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John and Clara Tennant

P.R. Jeffcott Collection:  Center for Pacific NW Studies Western Washington University      John and Clara Tennant were settlers, missionaries, teachers, civil servants, and as a couple are representative of the ways in which native and Euro-American cultures were merging and interacting in the early settlement period. Born in the family longhouse at Lummi Peninsula, Clara's father, a Lummi tribal member, and his wife, a Duwamish woman from the White River area east of Tacoma were leaders in the Lummi tribe. In her childhood, Clara learned farming practices, the schedule of seasonal fruits, shellfish harvesting, uses of medicinal plants, childcare, cooking, and food preservation and basketry, an art she practiced the rest of her life. By the time she was about 14, she had completed her education, and was ready to marry and participate in village and family life as an adult.
     John Tennant (1829-1893) was the son of a part-Quapaw woman and a famous Arkansas Methodist preacher. One of 13 children, John grew up in the Ozark hills where life was a seasonal round of constant work. Farming and religious devotion dictated the family's calendar while his father pursued his preaching career.  John arrived in California on an 1853 cattle drive and migrated to Whatcom in 1856. Before leaving Arkansas, he studied surveying and civil engineering at a small college near home, and began to study law after arriving in Whatcom.
P.R. Jeffcott Collection:  Center for Pacific NW Studies Western Washington University      In 1859, Clara married John Tennant and moved to a cabin on his land claim at the edge of the reservation, established by the Point Elliot treaty. Their home was at today's "Tennant Lake" near Ferndale, but called by its Lummi name "Si-lat-sis" by John. Like other farm wives of the period, Clara was half of an economic partnership, whose agricultural and food preservation skills were crucial to their survival. She contributed to their income with the sale of butter and eggs to the McDonough Trading Post. Their second house, built in 1872, became the social center of the rural neighborhood. They hosted many all-night dances and seasonal celebrations. In 1863, Clara had a son that died at age 2, but son Bayard was born fourteen months later. The center of her and John's lives, Bayard acquired tuberculosis while attending the Territorial Institute in Seattle, and died at age 17.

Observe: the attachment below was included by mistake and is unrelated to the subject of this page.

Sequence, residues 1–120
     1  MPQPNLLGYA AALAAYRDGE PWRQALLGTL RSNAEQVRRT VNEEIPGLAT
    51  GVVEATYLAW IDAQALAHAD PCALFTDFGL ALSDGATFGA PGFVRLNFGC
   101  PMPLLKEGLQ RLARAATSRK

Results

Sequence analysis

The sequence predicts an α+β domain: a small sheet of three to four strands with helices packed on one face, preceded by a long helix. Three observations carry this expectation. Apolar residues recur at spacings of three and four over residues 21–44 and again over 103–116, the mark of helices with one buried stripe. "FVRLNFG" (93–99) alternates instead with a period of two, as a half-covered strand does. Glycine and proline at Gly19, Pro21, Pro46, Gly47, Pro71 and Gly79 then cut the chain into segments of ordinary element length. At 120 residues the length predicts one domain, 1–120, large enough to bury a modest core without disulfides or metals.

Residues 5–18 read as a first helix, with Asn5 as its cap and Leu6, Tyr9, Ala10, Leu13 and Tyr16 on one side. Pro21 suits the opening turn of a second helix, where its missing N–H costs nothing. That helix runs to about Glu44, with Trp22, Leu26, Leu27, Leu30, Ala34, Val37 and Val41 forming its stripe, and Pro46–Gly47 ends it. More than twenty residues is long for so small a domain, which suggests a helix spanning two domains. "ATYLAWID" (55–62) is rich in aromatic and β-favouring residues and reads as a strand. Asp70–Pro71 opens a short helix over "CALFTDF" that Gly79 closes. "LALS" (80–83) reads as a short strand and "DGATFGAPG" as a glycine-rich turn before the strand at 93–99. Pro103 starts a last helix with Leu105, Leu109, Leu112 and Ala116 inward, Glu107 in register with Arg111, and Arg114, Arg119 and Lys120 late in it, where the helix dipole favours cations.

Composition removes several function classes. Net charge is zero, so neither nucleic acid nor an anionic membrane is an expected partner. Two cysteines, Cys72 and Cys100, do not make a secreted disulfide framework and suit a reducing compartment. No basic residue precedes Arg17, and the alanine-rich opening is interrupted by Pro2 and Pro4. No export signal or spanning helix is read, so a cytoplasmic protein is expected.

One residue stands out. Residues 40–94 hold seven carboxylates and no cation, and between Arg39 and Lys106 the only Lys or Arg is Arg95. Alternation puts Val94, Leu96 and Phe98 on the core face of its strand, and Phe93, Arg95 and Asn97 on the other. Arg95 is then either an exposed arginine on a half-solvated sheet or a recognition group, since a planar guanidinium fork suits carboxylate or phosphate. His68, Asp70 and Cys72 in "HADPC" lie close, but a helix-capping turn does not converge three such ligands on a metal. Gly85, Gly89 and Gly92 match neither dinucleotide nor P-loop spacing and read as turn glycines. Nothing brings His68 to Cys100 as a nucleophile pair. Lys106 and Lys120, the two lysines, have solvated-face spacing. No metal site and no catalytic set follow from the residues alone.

John Tennant's activities from 1856 to 1878 were an ambitious list, even for a man who seemed tireless. Foremost, he was a farmer, but carried his interest in gardening to the development of new fruit varieties. He became a mountain climber, and with 3 others in 1868, was the first to scale Mt. Baker. In 1870, he worked as interpreter, guide, and tribal negotiator for a railroad exploration trip across the North Cascades. By the time of his marriage, he had already been a legislator, deputy sheriff, deputy county auditor and Democratic Party worker. At various times in the next 20 years, he was a lawyer, probate judge, county school superintendent, county commissioner, assistant U.S. surveyor, assistant Indian Agent, real estate agent, and found other tasks of public service. However, it is for their missionary work that John and Clara Tennant are most remembered. Clara was Catholic, and John, a Methodist, had left his faith behind in the California gold fields where drinking and gambling were the main pastimes. Even so, in 1876, John organized a Sunday school for the children around Ferndale. The next year, he helped with the first camp meeting held at Ferndale by itinerant Methodist ministers. These meetings were welcome summer gatherings for everyone, native and non-native. The next summer meeting, John officially returned to Methodism, and Clara and Bayard also converted. Clara became a Methodist leader among the Nooksacks, at the same time as her brother, Lummi Chief Henry Kwina, became the Catholic lay leader of the area. Clara's connections with the tribes and her knowledge of languages were an asset for John's work. Other missionary projects included a church on Orcas Island and the development of the Nooksack Indian Mission church and school. Their friend, Chief Jim Seclamatan of the nearby Nooksack village, donated part of his own land for the school.
     In 1887, John suffered the first of 3 strokes at their Lynden home and died in 1893.  Clara administered his will, in which he gave all he had to "my beloved wife." Clara was widowed for ten years, and managed the funds and real estate the couple had accumulated over the years. She continued to fulfill her role as a Lummi family elder, and was a Methodist woman leader among the Nooksacks and others. In 1903, the now 60ish Clara married her old friend Chief Jim Yellakanim Seclamatan, known to non-native residents as "Lynden Jim." They shared a common interest in the Nooksack Indian Mission and Stickney School. Clara Tennant Yellakanim died of pneumonia 3 months after her second marriage. She was buried next to Reverend John Tennant and their children at Lynden Cemetery.

Archival Collections

Frank Teck Papers. Alvord, Gertrude Matz. Interview., CPNWS.
Howard Buswell Collection, Bernard McDonough Store Account Books, 1874 -
1878., Box 15. CPNWS.
WA State Archives, NW Region., Probate Cases #424 and #1080 (John Tennant,
Clara Yellakanim). Whatcom County Probate Court Records. Whatcom County Clerk's Office.